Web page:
Iranian authorities have demolished the home of Elnaz Rekabi, a female rock climber who became a symbol of nationwide anti-government protests after competing abroad with her hair uncovered, official media reported on Saturday.
The report by the judiciary's news agency Mizan came after a video was shared on social media this week that appeared to show the demolition of Rekabi's family home in Zanjan province.
Mizan said the destruction of the villa was due to its “unauthorised construction and use of land” and that demolition took place months before Rekabi competed, citing the head of the judiciary in Zanjan.
Rekabi became a symbol of the anti-government movement in October after competing in a rock climbing competition in South Korea without wearing a headscarf as required under Iran's dress code for women. She said the act was “unintentional” in an Instagram post the following day.
Iranian officials appeared to have accepted her explanation, with the head of the country's Olympic committee saying she would not face any punishment.
Iran has been rocked by months of protests following the death in police custody of Mahsa Amini, a young woman detained by morality police in Tehran in September for allegedly violating the dress code. The government has accused foreign countries of inciting the protests in which thousands of women have taken part, filming themselves burning their headscarves and cutting off their hair in an act of defiance.
On Sunday, Iran executed four people accused of being spies for Israel.
Iran carried out the sentences four days after the country's supreme court upheld the death penalty for "their intelligence co-operation with the Zionist regime [Israel] and kidnapping", Mizan Online said.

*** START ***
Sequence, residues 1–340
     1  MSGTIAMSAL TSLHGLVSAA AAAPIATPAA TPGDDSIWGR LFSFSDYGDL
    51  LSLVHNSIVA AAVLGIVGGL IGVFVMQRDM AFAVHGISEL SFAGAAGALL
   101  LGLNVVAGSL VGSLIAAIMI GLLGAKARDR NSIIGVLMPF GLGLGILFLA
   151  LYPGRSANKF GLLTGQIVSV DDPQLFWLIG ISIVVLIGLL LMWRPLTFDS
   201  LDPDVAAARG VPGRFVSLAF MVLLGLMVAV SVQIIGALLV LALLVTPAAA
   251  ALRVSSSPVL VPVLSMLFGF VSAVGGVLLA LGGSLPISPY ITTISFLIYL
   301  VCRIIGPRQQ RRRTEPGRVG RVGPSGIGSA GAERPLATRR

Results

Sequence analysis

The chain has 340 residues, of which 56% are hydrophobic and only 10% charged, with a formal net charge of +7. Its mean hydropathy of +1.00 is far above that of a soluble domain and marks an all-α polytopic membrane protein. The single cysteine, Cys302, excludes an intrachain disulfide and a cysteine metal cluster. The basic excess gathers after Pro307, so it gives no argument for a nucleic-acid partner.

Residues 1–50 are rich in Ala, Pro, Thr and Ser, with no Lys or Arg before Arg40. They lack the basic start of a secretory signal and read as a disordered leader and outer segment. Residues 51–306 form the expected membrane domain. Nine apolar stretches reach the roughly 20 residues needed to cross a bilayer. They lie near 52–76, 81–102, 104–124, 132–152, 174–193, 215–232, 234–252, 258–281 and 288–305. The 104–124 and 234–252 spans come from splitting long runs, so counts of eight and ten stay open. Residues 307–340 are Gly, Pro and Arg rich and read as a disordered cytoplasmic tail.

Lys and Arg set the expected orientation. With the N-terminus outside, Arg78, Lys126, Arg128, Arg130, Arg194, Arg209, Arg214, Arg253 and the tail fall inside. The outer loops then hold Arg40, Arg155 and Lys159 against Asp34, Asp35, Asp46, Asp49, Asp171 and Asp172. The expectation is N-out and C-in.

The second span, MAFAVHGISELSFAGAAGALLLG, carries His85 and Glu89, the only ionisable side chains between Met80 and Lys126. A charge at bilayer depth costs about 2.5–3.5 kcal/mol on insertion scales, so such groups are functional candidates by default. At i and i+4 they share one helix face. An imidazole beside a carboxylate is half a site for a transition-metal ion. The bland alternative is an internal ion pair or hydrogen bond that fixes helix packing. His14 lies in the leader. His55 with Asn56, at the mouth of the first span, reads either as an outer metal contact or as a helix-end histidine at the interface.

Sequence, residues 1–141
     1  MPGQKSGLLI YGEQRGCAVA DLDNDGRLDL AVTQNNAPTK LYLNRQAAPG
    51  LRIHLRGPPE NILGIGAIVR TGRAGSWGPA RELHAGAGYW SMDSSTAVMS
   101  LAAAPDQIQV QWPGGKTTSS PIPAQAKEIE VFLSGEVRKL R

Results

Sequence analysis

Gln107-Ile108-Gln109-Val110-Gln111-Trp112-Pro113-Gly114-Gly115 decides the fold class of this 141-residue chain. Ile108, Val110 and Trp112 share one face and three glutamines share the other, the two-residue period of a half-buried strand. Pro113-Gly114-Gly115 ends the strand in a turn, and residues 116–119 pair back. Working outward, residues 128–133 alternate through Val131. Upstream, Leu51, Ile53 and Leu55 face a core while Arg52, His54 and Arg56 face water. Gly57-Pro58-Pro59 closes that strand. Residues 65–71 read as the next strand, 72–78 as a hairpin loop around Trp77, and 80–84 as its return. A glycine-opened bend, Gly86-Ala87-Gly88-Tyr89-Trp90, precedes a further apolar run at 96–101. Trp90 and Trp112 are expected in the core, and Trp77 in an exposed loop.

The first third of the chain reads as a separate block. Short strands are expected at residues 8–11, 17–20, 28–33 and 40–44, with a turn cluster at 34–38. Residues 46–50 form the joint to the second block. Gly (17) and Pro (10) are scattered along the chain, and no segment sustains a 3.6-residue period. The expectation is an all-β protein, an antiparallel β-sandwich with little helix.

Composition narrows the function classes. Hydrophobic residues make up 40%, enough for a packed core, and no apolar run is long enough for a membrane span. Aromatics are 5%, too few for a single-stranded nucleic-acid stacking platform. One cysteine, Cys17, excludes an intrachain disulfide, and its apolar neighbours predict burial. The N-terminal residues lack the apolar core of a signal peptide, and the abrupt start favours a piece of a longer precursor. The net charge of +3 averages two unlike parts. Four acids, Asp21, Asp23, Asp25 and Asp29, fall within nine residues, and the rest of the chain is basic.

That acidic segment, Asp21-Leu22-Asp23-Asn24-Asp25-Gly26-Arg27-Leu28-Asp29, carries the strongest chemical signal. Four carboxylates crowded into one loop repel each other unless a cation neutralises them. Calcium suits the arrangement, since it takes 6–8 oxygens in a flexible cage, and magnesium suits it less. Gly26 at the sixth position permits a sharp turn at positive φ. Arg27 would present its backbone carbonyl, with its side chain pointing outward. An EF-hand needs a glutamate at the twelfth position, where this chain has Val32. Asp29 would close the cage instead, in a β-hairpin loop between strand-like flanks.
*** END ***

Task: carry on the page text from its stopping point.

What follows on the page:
A violent state crackdown on the protests has claimed the lives of more than 450 civilians, according to Iranian rights groups monitoring the protests from abroad. Iranian officials have given varying lower figures of the death toll, that include deaths among state security forces.
According to Iran’s attorney general, Mohammad Jafar Montazeri, the law requiring women to cover their hair is under review.
“Both parliament and the judiciary are working” on the issue, the semi-official Isna news agency quoted Mr Montazeri as saying.
He did not specify what changes might be made by the two bodies, which are largely in the hands of conservatives.
The review team met on Wednesday with parliament's cultural commission “and will see the results in a week or two”, he said.
President Ebrahim Raisi said on Saturday that Iran's republican and Islamic foundations were constitutionally entrenched.
“But there are methods of implementing the constitution that can be flexible,” he said in televised comments.
The hijab became obligatory for all women in Iran in April 1983, four years after the Islamic Revolution that overthrew the US-backed monarchy.
Iran accuses its sworn enemy the US and its allies, including Britain, Israel and Iranian Kurdish opposition groups based outside the country, of fomenting the street protests which the government calls “riots”.
A general in Iran's Islamic Revolutionary Guard Corps this week, for the first time, said more than 300 people had lost their lives in the unrest.
Iran's top security body, the Supreme National Security Council, on Saturday said the number of people killed during the protests “exceeds 200".
Cited by state news agency Irna, it said the figure included security officers, civilians and “separatists” as well as “rioters”.
Oslo-based non-governmental organisation Iran Human Rights on Tuesday said at least 448 people had been “killed by security forces in the ongoing nationwide protests”.
UN rights chief Volker Turk said last week that 14,000 people, including children, had been arrested in the protest crackdown.
With reporting from agencies